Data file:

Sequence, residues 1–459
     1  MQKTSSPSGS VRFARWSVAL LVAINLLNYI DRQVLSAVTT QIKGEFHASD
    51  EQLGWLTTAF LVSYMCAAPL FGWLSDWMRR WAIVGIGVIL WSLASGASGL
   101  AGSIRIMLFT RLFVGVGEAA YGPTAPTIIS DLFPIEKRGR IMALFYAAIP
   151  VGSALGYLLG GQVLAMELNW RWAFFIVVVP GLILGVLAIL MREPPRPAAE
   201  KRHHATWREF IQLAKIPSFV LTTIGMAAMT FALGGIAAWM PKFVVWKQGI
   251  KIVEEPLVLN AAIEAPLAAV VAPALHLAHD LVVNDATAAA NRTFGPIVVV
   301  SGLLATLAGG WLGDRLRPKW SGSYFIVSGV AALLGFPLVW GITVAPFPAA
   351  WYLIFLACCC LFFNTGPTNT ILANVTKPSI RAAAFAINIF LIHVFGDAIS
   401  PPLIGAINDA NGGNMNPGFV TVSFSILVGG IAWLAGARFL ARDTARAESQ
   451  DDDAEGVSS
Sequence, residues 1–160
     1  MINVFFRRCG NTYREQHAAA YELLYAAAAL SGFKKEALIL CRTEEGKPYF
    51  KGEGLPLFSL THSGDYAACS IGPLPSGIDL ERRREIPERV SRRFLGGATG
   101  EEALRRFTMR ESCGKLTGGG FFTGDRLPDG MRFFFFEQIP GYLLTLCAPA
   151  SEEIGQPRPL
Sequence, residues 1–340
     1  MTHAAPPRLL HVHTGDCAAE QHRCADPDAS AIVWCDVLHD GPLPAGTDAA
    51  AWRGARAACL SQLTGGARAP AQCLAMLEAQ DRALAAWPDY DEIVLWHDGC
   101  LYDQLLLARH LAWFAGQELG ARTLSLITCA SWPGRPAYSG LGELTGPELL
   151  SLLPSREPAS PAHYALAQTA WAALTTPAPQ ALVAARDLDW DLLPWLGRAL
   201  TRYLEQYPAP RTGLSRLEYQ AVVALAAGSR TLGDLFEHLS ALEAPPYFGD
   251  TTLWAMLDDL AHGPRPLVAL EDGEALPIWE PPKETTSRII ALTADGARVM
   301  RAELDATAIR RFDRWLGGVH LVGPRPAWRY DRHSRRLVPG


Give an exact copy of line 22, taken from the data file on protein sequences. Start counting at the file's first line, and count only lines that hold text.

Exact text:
   201  TRYLEQYPAP RTGLSRLEYQ AVVALAAGSR TLGDLFEHLS ALEAPPYFGD